Flaherty to table budget May 2
[PoliticsWatch Posted 4:45 p.m. April 24, 2006]
|Finance Minister Jim Flaherty.
OTTAWA — Mark
Tuesday May 2 on your calendar.
Finance Minister Jim Flaherty revealed in the House of
Commons Monday that will be the day the first budget of the new
Conservative government will be tabled.
The budget will include two key Conservative election promises --
the first one per cent cut in the GST and the government's plan to
send parents with children under the age of six a monthly cheque of
$100 per child to help with child care costs.
"I am approaching our government’s first budget much like a typical Canadian family: setting priorities, making realistic choices and finding ways to live within our means,"
Flaherty said in a statement.
"Canadians have chosen change. They want a government that treats their tax dollars with respect. That means making responsible choices, being accountable and delivering on the priorities we proposed to Canadians."
The Conservatives need the support of at least one of the three
opposition parties to get the budget passed and avoid the defeat of
It is unlikely any party would defeat the government given an
election was held just three months ago and the Liberals are in the
midst of a leadership race that will not conclude until
Nonetheless, two of the opposition parties were already sabre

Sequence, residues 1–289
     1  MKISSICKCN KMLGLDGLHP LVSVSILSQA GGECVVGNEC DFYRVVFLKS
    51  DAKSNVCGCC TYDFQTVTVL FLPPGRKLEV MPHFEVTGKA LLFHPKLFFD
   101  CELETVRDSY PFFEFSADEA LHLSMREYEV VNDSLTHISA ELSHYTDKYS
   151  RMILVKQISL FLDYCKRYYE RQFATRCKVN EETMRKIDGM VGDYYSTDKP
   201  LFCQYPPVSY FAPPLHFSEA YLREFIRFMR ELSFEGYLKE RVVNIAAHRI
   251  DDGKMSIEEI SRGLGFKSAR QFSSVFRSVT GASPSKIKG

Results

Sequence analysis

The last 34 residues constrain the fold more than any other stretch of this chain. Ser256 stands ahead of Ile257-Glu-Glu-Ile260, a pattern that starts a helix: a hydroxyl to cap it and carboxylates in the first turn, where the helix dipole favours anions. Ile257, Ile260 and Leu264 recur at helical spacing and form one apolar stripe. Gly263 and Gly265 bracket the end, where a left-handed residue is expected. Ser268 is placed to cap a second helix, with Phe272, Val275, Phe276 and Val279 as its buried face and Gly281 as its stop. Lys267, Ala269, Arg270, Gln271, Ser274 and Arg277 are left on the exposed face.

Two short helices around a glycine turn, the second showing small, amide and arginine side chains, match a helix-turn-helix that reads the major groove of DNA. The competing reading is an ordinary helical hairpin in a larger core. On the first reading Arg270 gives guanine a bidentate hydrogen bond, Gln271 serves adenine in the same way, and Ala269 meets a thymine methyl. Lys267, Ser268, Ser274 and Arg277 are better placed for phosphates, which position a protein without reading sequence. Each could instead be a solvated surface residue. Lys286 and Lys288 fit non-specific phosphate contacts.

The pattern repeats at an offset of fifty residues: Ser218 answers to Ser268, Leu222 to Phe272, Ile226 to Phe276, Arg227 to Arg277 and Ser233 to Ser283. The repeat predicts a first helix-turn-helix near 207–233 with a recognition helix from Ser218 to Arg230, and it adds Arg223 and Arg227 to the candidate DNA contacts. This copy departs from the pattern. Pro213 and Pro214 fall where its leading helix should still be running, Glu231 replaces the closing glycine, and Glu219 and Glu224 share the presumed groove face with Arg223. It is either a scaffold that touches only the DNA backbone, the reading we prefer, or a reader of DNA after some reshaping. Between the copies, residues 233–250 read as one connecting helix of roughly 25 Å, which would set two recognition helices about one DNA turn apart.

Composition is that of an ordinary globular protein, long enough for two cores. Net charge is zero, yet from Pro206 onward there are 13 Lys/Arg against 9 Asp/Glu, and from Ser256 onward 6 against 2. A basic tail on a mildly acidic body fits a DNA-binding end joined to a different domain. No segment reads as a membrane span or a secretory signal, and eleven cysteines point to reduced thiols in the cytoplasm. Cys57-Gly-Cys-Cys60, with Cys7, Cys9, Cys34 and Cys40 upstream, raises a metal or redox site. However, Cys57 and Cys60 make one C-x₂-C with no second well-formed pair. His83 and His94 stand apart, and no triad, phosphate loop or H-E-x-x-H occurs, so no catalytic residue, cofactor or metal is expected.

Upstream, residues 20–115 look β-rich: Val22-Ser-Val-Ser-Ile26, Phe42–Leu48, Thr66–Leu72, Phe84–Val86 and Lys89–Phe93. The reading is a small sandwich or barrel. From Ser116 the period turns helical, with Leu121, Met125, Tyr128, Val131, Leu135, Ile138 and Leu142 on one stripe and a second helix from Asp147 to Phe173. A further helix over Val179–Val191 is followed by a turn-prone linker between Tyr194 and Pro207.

rattling on Monday and making budget demands.
Liberal MP John McCallum told reporters the Liberals would have a
difficult time supporting the budget if it rolled back a one per
cent cut in income taxes that were introduced by the Martin
government in November.
Flaherty is expected to reverse that cut in order to pay for the
across the board GST cut.
"I am not today in a position to say how we will vote on a
budget that we have not seen," said McCallum. "I am saying
we would be very hard pressed not to vote against a budget that
raised income tax."
Meanwhile, NDP Leader Jack Layton said his party will introduce a
list of items it wants to see in the budget on Tuesday.
Layton said that list will include things he has brought up in
meetings with Prime Minister Stephen Harper, including long-term
child-care space funding, post-secondary education funding and
action on climate change.
Harper consulted with the opposition parties in advance of the
throne speech, but Layton noted in the House of Commons that Harper
has "abandoned that approach" in recent days.
Last week, Harper toured four cities across the country and
delivered speeches in which he dared the opposition parties to
defeat his government on the child-care plan and the GST cut that
will be key components of the budget.
In question period on Monday, Layton criticized the PM for "going around the country acting like a schoolyard bully."
"He was threatening the opposition parties," Layton said.
"If we are going to make Parliament work we need dialogue, not dares."
Harper denied the bully allegation and said his party was
"(But) at the same time we have commitments to fulfill,"
the PM said in question period. "The reality is that the child care allowance is a budget measure. Therefore, it is a confidence measure and we hope that all parties will see the wisdom of supporting money that goes directly to parents."
Layton said after question period that Harper has given him no
indication that he is considering long-term funding for child care.
"He seems hung up on this mythology that a tax rebate of some
sort is going to create child care spaces -- it doesn't work, it's
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